What Luther can Teach us about Forced Fatherhood

 

When it comes to abortion, the freedom of women has largely dominated the discussion. However, some have begun to declare this mentality unjust. What about men? Why do women earn the right to assert their liberties from accidental children while the legal system forces men to take responsibility? So inquires Laurie Shrage last week in The New York Times opinion column: “Is Forced Fatherhood Fair?”

Women’s rights advocates have labored hard to make motherhood a “voluntary condition” rather than one “imposed by nature or culture.” Shouldn’t men have the same privileges to self-rule? “Feminists have long held that women should not be penalized for being sexually active by taking away their options when an accidental pregnancy occurs,” Shrage notes, but “do our policies now aim to punish and shame men for their sexual promiscuity?” When engaging in sex, “neither a man nor a woman gives consent to become a parent.” Therefore, “we need to respect men’s reproductive autonomy” just as much as women “by providing them more options in the case of an accidental pregnancy.” Oppressive societal and biological forces are coercing concupiscent men everywhere into fatherhood.

It’s a curious thing indeed when a society labels babies accidents of natural processes and punishes them for sabotaging the “grown-up party.” And yet it would be naïve to think that resistance to fatherhood is a modern problem. Martin Luther, the 16th century German Protestant reformer, felt impelled to confront the men of his time who were tempted to surrender their fatherly role. A monk turned rogue, Luther married Katherine von Bora, defying centuries of Catholic practice that prohibited ministers from marriage: “God has given to me greater gifts than to any bishop in a thousand years. I have three children.” Unlike before, husbands and fathers had a pastor who identified with them.

In The Estate of Marriage, Luther describes how the rational male mind approaches fatherhood:

“Alas, must I rock the baby, wash its diapers, make its bed, smell its stench, stay up nights with it, take care of it when it cries, heal its rashes and sores, and on top of that care for my wife, provide for her, labour at my trade, take care of this and take care of that, do this and do that, endure this and endure that, and whatever else of bitterness and drudgery married life involves? What, should I make such a prisoner of myself? O you poor, wretched fellow…. Fie, fie upon such wretchedness and bitterness! It is better to remain free and lead a peaceful, carefree life.”

My first child arrives in August, and I’m coming more and more to terms with the fact that my “freedoms” are about to be violated. The spontaneous road trips, extensive world travel, late nights out, lazy mornings, football Saturdays, fantasies of becoming a debonair secret agent, are over. Yet Luther continues:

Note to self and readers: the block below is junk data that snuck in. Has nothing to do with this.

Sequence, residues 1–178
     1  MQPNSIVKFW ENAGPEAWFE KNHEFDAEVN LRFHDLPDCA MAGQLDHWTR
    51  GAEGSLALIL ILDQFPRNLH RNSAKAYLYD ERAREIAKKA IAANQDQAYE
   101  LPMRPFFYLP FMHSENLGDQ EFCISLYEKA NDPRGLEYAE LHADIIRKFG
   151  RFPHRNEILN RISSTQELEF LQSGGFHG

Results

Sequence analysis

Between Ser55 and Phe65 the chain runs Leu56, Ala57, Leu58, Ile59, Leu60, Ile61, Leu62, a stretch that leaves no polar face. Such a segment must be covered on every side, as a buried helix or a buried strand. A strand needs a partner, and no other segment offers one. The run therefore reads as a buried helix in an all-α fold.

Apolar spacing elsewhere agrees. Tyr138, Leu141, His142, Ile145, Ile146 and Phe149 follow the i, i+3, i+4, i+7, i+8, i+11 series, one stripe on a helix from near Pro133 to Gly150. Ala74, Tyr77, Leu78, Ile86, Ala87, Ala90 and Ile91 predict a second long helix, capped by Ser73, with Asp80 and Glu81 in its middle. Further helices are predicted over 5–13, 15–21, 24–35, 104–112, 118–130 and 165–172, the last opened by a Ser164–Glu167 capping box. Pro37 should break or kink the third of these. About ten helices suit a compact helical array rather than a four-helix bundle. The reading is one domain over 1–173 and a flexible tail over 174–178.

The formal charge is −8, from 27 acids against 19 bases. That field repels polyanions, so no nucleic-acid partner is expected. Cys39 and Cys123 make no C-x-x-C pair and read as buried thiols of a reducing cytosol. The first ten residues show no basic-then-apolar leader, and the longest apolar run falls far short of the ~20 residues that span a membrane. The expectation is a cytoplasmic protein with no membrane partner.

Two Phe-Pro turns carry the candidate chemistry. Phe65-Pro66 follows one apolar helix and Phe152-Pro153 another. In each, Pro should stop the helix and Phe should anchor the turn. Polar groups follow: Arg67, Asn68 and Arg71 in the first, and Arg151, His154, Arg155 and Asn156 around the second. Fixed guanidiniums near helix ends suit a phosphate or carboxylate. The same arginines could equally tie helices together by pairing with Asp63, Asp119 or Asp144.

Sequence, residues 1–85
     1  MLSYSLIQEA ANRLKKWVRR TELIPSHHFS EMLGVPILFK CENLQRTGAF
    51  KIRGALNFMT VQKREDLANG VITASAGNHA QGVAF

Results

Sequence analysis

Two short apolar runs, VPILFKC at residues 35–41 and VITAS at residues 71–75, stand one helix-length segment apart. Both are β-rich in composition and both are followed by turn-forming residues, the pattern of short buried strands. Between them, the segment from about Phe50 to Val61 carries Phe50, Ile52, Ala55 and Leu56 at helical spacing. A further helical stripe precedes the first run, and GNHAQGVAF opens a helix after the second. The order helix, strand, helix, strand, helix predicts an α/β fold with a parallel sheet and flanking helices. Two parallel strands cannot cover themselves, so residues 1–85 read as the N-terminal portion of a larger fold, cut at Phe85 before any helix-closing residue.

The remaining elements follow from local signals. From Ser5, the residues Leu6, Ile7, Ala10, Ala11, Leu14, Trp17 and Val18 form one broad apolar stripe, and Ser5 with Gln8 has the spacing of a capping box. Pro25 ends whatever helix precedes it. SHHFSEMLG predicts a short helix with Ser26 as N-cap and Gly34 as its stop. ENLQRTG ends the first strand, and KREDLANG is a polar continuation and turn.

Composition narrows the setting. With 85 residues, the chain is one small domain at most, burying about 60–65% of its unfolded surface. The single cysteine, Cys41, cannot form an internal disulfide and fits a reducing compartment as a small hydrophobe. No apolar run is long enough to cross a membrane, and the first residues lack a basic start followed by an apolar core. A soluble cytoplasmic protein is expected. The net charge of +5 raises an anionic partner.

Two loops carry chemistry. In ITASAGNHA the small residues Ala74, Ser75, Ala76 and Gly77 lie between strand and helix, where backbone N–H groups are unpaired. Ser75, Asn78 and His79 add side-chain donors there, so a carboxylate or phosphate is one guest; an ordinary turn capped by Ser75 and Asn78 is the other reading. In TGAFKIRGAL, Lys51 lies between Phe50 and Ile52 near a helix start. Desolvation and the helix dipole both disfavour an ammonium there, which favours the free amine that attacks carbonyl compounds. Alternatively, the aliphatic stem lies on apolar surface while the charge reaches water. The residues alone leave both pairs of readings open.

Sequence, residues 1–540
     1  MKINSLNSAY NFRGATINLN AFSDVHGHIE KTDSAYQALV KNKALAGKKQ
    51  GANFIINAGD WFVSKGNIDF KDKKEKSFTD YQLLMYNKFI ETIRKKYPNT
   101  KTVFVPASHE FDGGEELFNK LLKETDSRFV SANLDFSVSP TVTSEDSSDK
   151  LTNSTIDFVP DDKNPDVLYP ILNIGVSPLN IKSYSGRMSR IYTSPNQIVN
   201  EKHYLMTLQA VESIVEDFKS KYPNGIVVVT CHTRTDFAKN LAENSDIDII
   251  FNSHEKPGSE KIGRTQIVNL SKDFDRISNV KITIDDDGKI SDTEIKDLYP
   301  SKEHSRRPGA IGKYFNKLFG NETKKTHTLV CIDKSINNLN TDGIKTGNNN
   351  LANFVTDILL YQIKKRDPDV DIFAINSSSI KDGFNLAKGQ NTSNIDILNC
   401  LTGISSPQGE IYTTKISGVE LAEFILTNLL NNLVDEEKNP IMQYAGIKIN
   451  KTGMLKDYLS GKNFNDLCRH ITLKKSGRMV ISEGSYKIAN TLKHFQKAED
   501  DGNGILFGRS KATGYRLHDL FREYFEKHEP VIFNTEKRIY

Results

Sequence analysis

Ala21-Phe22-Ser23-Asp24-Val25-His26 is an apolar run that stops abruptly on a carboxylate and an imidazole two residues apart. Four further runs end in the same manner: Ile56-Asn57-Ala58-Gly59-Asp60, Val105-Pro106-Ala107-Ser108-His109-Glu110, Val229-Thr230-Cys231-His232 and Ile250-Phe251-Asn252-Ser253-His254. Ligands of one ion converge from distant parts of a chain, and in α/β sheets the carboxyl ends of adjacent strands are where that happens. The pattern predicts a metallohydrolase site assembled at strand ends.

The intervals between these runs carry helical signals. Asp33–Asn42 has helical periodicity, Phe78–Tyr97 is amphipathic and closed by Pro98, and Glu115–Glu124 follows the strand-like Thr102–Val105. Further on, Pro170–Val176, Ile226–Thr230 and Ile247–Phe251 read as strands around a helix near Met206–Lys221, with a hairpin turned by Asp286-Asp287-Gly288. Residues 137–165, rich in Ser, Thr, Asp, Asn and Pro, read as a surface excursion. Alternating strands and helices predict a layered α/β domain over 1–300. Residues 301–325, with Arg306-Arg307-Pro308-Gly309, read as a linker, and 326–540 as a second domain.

“What then does Christian faith say to this? It opens its eyes, looks upon all these insignificant, distasteful, and despised [fatherly] duties in the Spirit, and is aware that they are all adorned with divine approval as with the costliest gold and jewels. It says, ‘O God, because I am certain that thou hast created me as a man and hast from my body begotten this child, I also know for a certainty that it meets with thy perfect pleasure. I confess to thee that I am not worthy to rock the little babe or wash its diapers, or to be entrusted with the care of the child and its mother.’”

Children are gifts from God, not accidents. God has proclaimed fatherhood a privileged office, and to embrace it one must learn to love what God loves rather than idolize culture’s so-called liberties. And to those outsiders who look down on fathers who sacrifice their independence for their children, Luther says this: “Now you tell me, when a father goes ahead and washes diapers or performs some other mean task for his child, and someone ridicules him as an effeminate fool, though that father is acting in the spirit just described and in Christian faith, my dear fellow you tell me, which of the two is most keenly ridiculing the other? God, with all his angels and creatures, is smiling.”

To the men who took responsibility to father their children and love their mother, here’s to you. Change those diapers. You make God smile.

About Ryan Hoselton

Ryan Hoselton is working on a Master of Theology in Louisville, KY. He’s married to Jaclyn, his latina co-explorer in learning, travel, and exotic culinary research. He contributes blogs on church history at Historia Ecclesiastica. Twitter: @ryanhoselton

  • biotrom

    Great thought. And great words from Luther.

    On a tangent, it makes me think of “all our righteousness is as filthy rags.” As a child of God, I’m sure the Heavenly Father is still changing my diapers.

  • Y. A. Warren

    How absolutely beautiful! Children are a blessed burden when we accept them as such, much like growing a garden to feed one’s family.
    It is a shame that men have not been impressed with the sacredness of their seeds and the “garden” in which they grow.
    I believe that conception control and abortion have everything to do with a child’s right to be wanted and cherished, even before conception, in the preparation of the two bodies creating the child’s flesh.
    In my religious upbringing, children were treated as souls whose bodily needs made them sinful.


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